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<strong>NO REGRETTES:</strong> Lydia Night (second from right) says her band is all about being true to yourself and your beliefs, no matter what others think.

Jen Rosenstein

NO REGRETTES: Lydia Night (second from right) says her band is all about being true to yourself and your beliefs, no matter what others think.


The Regrettes, Slanted Land, Cardiknox All Rock the Empowered Self

Rockers Discuss Being True to Themselves in Male-Dominant Rock Scene


TRUE AND BOLD: This week, State Street will listen in on some inspiringly bold self-declarations from three rising acts led by women: L.A.’s teen rockers The Regrettes, who play with Tacocat and Hayley and the Crushers at Velvet Jones (423 State St.) on Saturday, July 16; Cardiknox, also from L.A., who opens for Phoebe Ryan at SOhO Restaurant & Music Club (1221 State St.) on Wednesday, July 20; and the Good Land’s own Slanted Land, who release their eponymous EP tonight, Thursday, July 14, at SOhO with El Jefe.

Lydia Night, whose band The Regrettes are catching accolades left and right with their rocking, slightly retro tunes, said her band stands for staying true to yourself, even if it’s the unpopular thing to do. “I think that what our band is really about, and what people need to hear, is that getting to know yourself and figuring out what you’re about and what you stand for and what you like and what you don’t like is completely okay and acceptable,” she said. At 15, it’s a powerful message, when most others in her age group are struggling to fit within the confines of the status quo. “People are so scared and nervous all the time about speaking out about anything that they believe in.”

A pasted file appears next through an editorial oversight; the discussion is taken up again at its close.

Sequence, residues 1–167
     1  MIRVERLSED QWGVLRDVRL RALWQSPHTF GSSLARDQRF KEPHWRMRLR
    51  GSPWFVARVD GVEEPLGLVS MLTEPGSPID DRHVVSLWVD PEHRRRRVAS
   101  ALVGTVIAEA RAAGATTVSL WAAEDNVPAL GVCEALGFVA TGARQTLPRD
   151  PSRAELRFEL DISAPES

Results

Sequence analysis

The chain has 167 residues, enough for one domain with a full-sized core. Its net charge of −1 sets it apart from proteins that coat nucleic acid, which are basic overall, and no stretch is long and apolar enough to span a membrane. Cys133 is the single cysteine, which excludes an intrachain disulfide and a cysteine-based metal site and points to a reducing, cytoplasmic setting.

It’s a message Cardiknox echoes in its hit “Wild Child,” which has excited ears across the globe, especially since they started touring with Canadian megastar Carly Rae Jepsen. Singer Lonnie Angle said the song is about being your “boldest and truest self.” “In a culture that’s constantly telling us to be someone or look like something, when you lean up against that and lean up hard enough that you’re able to find who you really are, that’s really maybe the wildest thing to do today,” she said.

Raised on musical theater and formerly composing more operatic pieces before turning to pop music, Angle said being onstage allows her to embrace her inner wild child. “You get to do and be your boldest self, your craziest self; you can continue to push and push and push the envelope — because you’re the only person setting those boundaries,” she said.

Unfortunately, being a young woman in a rock band still has some boundaries — comments from doubters, downward-lookers, and sexists. But Night said rock by women is on the rise for good reason: “When it comes down to it, rock music is about honesty, and it’s about speaking people’s truth, and women have a lot to say. I’m not saying that men don’t, of course, but women have had to go through their fair share of shit, and now it’s coming to the point where they can actually speak out about it.”

“We all want to hear, appreciate, and relate to the feminine side of the human experience, too, no matter what gender you are,” said Slanted Land founder Tova Morrison. “Because rock artists in the recent past were (and still are) primarily men, and the rock industry is just getting over its andro-centrism, then maybe women artists today are getting an affirmative-action type of promotion to the stage, as well as stepping up their game.”

Morrison mentioned challenges — as a mother, parenting always takes priorities over rocking for Morrison, and she points to other cultures where women are still forbidden to drive as an example of cultural impositions still in place elsewhere. But in her music, Morrison exudes a sense of peaceful contentedness and acceptance, as in new song “You Do Your Thing I Do Mine.” “This song is an assurance that the pace of life as it is is good — that people in your life have their own things going on which are parallel, and equal in importance, to your thing. It’s also about bonding with people,” she said.

Ultimately, bonding is what Slanted Land’s music — and all of these shows — are all about. “I think we are traveling into a time of diversity, of loving acceptance in general, and I think the art world has been there already a long time,” Morrison said. “If a dude is ripping it up onstage or a chick is killing it in her performance — I, for one, am going to have a great time being a witness to, and creator of, the rock.”



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